Why did this happen? Why did it happen to me? Now? Why did the cancer not get caught earlier? Why can’t the treatments cure? Why haven’t they cured cancer by now?

Anger is a completely normal and understandable emotional response as late stage cancer slowly inflicts loss after loss and is a major threat to your life,15 even if you never have had a temper, this is certainly a time which will push you to your limit.

You can find yourself getting angry with cancer, with God, your medical team, your partner or caregiver and even yourself.

Anger is the natural emotional manifestation of the grief you are experiencing. It is an explosive release of your inner pain, the natural release of tension and a way of masking the insecurity and sadness within. When referring to the innate reaction to threat of ‘fight-or-flight’, anger fuels the inner ‘fight’ you feel.16

You have every right to feel anger and any other big emotion you feel right now. There is no room to feel guilty or stressed about how you deal with this. Incurable cancer is unfair, you don’t deserve this, nobody does, especially if it happens to you before you have had a chance to live your fullest life.

Anger can be a negative, destructive, maladaptive force which can alienate you within your family and from your friends when you lash out at those you love. It increases feelings of sadness, loss and leaves you full of regret and with a sense of being out of control.17

Getting angry can be an addictive habit which can be difficult to detach yourself from, even when you know that this is a direct result of your life situation and is not a true reflection of yourself.18

The key is to develop coping skills in order to diffuse the built-up tension in a way that does not eat away at your soul and harm your mental wellbeing and damage your close relationships by saying something you don’t mean under the intense pressure you are under.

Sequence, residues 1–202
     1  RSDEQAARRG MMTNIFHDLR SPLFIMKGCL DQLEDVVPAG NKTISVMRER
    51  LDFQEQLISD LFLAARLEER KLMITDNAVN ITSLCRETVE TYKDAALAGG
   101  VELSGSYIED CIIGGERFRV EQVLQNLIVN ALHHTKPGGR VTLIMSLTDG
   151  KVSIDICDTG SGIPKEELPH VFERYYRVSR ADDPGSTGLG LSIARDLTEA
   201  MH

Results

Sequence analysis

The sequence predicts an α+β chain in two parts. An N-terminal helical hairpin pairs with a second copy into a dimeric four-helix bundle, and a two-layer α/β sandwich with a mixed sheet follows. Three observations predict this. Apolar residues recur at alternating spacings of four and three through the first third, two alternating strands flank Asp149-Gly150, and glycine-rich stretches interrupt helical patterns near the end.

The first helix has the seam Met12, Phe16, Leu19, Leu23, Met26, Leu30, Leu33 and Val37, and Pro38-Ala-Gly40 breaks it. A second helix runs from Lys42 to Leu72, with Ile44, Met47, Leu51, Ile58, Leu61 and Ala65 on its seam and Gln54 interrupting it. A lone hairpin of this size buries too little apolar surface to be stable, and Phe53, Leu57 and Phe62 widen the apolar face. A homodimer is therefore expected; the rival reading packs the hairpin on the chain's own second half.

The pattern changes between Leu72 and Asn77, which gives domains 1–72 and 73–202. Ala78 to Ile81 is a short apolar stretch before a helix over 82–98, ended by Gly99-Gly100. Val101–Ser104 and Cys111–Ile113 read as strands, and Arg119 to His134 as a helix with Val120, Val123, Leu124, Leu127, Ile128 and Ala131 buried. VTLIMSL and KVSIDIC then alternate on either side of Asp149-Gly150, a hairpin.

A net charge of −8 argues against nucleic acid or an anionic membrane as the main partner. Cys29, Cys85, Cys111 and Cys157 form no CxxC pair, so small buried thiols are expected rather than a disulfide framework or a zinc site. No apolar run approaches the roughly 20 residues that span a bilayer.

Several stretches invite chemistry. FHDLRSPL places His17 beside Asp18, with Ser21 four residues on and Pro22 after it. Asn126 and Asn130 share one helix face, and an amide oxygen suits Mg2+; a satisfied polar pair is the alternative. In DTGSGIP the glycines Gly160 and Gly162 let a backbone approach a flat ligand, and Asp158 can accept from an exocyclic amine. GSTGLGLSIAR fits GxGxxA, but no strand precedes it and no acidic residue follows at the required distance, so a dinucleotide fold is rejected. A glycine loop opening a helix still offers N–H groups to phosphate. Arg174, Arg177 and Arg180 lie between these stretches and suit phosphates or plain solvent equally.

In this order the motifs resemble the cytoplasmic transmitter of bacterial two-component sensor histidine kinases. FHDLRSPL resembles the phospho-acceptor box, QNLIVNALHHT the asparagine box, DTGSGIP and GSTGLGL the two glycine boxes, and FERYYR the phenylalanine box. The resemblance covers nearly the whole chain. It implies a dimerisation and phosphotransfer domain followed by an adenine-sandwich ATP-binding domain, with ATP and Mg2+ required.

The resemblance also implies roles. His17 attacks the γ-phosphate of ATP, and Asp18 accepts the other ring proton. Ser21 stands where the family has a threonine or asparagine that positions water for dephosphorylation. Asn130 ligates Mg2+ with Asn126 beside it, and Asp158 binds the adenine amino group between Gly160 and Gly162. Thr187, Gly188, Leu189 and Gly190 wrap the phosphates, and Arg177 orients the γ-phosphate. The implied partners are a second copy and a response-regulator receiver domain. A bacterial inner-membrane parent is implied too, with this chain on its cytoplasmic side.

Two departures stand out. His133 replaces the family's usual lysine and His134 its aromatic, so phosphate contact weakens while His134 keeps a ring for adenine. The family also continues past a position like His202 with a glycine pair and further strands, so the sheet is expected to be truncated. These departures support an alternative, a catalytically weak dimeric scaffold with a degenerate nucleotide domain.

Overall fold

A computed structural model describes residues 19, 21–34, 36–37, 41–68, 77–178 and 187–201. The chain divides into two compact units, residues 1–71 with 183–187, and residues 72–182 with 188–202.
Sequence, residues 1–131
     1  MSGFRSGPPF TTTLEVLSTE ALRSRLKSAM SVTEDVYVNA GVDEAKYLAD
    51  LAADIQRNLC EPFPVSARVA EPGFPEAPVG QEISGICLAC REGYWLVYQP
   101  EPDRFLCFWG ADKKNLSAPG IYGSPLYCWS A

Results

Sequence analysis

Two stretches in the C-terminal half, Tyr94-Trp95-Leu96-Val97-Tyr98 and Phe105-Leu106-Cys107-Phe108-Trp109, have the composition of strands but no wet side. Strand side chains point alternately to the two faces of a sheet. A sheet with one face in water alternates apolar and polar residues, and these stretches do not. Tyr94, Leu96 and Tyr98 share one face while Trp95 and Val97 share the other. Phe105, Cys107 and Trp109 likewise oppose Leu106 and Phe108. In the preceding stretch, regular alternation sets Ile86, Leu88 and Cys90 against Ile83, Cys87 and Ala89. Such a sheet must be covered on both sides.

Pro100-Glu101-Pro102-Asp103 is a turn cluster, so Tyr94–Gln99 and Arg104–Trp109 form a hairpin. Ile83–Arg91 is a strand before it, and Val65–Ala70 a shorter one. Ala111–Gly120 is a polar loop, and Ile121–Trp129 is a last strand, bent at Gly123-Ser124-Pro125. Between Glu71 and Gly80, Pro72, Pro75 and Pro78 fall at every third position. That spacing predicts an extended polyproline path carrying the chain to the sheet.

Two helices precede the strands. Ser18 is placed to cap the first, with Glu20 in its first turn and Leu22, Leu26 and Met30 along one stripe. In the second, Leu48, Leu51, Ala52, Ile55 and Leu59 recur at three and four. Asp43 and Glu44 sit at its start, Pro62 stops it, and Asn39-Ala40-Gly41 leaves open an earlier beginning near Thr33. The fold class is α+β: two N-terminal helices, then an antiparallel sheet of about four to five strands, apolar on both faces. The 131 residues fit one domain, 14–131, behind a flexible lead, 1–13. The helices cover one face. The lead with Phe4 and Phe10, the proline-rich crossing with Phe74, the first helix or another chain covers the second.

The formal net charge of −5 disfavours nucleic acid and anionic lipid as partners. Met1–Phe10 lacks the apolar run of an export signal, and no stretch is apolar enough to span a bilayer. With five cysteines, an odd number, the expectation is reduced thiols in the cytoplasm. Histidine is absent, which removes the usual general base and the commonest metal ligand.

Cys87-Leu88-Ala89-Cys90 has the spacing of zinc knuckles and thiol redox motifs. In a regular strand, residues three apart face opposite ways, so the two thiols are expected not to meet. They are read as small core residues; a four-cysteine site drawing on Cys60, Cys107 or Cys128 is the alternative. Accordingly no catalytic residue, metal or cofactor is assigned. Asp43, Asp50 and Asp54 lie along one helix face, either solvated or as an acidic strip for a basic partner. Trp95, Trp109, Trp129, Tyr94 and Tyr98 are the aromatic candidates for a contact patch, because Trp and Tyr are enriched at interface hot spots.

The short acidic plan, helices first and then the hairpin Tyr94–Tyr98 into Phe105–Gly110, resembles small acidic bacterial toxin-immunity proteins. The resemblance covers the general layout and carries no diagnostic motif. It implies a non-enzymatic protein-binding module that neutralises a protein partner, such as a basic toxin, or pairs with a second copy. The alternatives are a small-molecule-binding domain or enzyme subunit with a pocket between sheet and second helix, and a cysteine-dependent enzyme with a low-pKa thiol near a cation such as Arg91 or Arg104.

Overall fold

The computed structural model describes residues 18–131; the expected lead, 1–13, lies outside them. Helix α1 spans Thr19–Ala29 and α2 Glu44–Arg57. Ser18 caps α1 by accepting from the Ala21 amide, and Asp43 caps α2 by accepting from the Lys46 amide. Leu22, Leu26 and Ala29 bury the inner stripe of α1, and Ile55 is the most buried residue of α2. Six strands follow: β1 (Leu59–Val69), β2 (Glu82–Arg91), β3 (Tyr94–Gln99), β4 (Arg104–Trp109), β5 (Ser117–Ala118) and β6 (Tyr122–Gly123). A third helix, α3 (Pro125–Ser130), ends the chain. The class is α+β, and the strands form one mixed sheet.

By expressing and acknowledging the emotion, you may be able to diffuse the acute and painful pressure felt. With anger, you can learn to recognize your own personal ‘tells’ of the build-up, the sweaty palms, the tension in your body, the sharp intake of air.

When emotions build you can call a helpline, change your focus by going for a walk or a drive, go online group support forum and seek professional medical help from those who can understand.

Personally, in the moment, you can also have intervention strategies already thought of in order to redirect and defuse moments of intense emotion. For example; deep breathing, counting to ten, leaving the room, punching a pillow, screaming into the fridge, remove yourself from others if you need to. Every individual will know what works best for them.

Blame

It is a natural human response to try to rationalize what has happened and why it has happened, to try make sense and find meaning. Desperately you seek to blame any reason from fate to your genetic make-up, in fact anything or anyone for contributing to the reason you developed cancer in the first place.

By way of self-reproach, you may start to blame yourself for your lifestyle or life circumstances as a negative blow to your own health can seem like a personal failure. This is an irrational, unfair way of treating yourself which is sad for others to witness you punishing yourself like this. Getting sick is the reality for the vast majority of humankind who will face the natural order of the lifecycle of birth, life, illness and death. Getting seriously ill in your lifetime is the ultimate side effect of being alive.